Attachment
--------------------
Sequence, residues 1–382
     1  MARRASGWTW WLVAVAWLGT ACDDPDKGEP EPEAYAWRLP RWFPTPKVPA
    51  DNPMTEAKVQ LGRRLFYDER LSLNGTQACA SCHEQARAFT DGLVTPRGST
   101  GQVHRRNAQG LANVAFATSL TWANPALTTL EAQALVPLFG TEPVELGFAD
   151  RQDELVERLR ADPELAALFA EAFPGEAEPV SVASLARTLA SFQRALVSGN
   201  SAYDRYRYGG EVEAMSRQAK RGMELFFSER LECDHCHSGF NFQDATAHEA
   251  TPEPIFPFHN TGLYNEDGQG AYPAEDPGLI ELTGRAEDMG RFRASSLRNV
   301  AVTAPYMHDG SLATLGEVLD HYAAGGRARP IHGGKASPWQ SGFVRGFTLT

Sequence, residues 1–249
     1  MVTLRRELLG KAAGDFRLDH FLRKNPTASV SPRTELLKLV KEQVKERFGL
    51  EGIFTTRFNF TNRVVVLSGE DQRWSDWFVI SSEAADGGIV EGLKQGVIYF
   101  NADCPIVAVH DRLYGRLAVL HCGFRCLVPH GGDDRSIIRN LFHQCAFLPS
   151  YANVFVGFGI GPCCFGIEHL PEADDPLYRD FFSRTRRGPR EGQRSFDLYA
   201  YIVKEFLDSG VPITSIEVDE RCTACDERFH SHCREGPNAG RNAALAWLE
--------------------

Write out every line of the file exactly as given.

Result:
Sequence, residues 1–382
     1  MARRASGWTW WLVAVAWLGT ACDDPDKGEP EPEAYAWRLP RWFPTPKVPA
    51  DNPMTEAKVQ LGRRLFYDER LSLNGTQACA SCHEQARAFT DGLVTPRGST
   101  GQVHRRNAQG LANVAFATSL TWANPALTTL EAQALVPLFG TEPVELGFAD
   151  RQDELVERLR ADPELAALFA EAFPGEAEPV SVASLARTLA SFQRALVSGN
   201  SAYDRYRYGG EVEAMSRQAK RGMELFFSER LECDHCHSGF NFQDATAHEA
   251  TPEPIFPFHN TGLYNEDGQG AYPAEDPGLI ELTGRAEDMG RFRASSLRNV
   301  AVTAPYMHDG SLATLGEVLD HYAAGGRARP IHGGKASPWQ SGFVRGFTLT

Sequence, residues 1–249
     1  MVTLRRELLG KAAGDFRLDH FLRKNPTASV SPRTELLKLV KEQVKERFGL
    51  EGIFTTRFNF TNRVVVLSGE DQRWSDWFVI SSEAADGGIV EGLKQGVIYF
   101  NADCPIVAVH DRLYGRLAVL HCGFRCLVPH GGDDRSIIRN LFHQCAFLPS
   151  YANVFVGFGI GPCCFGIEHL PEADDPLYRD FFSRTRRGPR EGQRSFDLYA
   201  YIVKEFLDSG VPITSIEVDE RCTACDERFH SHCREGPNAG RNAALAWLE